If there has been a degree of commonality between American and British policy towards the country, it is that both have been motivated by money – and both are willing to contradict themselves in pursuit of it. The oil-for-security flavor of the framework meant this was somewhat inevitable as economic priorities shift, yet it seems that US-Saudi relations may be approaching a crisis point.
Is a Geo-economic breaking point on the horizon?
As for the US-Saudi relationship, “the only thing holding [it] together now is Trump—- he has a peculiar affinity for Saudi Arabia,” says Bruce Riedel, director of the Intelligence Project at the Brookings Institution, in April. Donald J. Trump’s first overseas trip as 45 was not to Mexico or Canada – as is the tradition – but to Riyadh. In yet another extraordinary departure from protocol, he brushed off advice from intelligence officials in the wake of the Khashoggi killing to, as he put it, “Stand With Saudi Arabia.”
But Trump’s worldview is guided by a sort of brutal transactionalism, one even more pointed than that of Elizabeth Truss. It’s worth bearing in mind that America now sources just 6% of its gross oil imports from the country, a figure that is likely to shrink over the years to come. And while his administration managed to ram through over $8 billion in sales to the Saudis in 2019 (nearly tripling that made out to second-placed contender, Australia), it’s hard to get a read on how much the scorched-earth price war will end up costing the US amidst the coronavirus downturn. Even Trump seems to have had enough, reportedly threatening to withdraw US troops from Saudi Arabia in a call to MBS on April 2.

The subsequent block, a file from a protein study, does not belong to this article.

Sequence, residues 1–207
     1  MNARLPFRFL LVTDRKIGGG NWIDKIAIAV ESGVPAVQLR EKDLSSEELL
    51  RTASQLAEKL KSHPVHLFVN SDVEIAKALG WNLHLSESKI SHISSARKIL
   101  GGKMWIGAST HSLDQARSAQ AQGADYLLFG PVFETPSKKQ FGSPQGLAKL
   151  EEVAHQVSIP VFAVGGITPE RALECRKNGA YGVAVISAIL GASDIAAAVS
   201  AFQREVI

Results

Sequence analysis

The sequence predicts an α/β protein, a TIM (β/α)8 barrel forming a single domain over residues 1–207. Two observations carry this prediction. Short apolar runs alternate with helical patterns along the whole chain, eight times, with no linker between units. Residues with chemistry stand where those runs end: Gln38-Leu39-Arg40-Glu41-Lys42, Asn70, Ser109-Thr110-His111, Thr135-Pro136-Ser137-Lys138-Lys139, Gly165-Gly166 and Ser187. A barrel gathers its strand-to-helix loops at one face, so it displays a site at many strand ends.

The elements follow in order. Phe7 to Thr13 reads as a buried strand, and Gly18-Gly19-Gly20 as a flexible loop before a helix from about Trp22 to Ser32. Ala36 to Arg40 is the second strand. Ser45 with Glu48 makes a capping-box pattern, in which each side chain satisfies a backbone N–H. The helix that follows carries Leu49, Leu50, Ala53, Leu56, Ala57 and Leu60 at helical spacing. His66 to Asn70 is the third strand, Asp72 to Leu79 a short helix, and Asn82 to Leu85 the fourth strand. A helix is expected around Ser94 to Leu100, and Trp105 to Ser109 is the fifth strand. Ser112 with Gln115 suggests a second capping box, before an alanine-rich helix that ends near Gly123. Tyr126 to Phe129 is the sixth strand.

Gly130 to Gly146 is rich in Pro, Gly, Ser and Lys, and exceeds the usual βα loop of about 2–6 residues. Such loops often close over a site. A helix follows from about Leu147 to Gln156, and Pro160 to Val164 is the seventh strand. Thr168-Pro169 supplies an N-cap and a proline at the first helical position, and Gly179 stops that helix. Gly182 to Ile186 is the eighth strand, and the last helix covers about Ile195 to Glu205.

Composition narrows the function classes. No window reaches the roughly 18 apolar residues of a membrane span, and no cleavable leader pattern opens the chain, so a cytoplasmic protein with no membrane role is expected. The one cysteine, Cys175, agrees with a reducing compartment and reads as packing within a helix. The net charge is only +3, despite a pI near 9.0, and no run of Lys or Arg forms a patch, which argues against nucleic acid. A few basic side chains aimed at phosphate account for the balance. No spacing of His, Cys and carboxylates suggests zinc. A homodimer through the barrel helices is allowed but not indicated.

If money talks, oil shouts
At the heart of the US-Saudi relationship, at least as it was initially envisaged, is stability. A shotgun marriage, it is no great secret that American affinity towards Riyadh ties in to the outsize influence exercised by the fossil fuel industry in Congress. “It is ridiculous,” Kissinger famously raged at the outbreak of the 1973 OPEC embargo, “that the civilized world is held up by 8 million savages.”
Three months later, he was inside the palace of Saudi King Faisal, promising US economic, technical, and military aid. “Our objective is to work with Your Majesty and to strengthen our friendship on a long-term basis,” he told the king.
While it’s hard to separate out exactly how much of the slump in demand across 2020 is attributable to the Saudi price war, it’s clearly caused major headaches for the sector – with global benchmark Brent crude plunging more than 30 percent in just one day. Concerns amongst the sector played into the bipartisan nature of the resolution passed against US support for the war in Yemen in March 2019, which saw left-leaning Democrats stand united with firebrand Tea Party voices such as Senator Mike Lee (R-UT).
Amidst a strange new normal, humanitarians advocating for Yemen might find allies in the most unlikely of places. Hypocrisy? Maybe, but that’s just the nature of the game.
Bonus Video added by Informed Comment:
What’s the impact in Yemen of UK arms sales to Saudi Arabia? – BBC Newsnight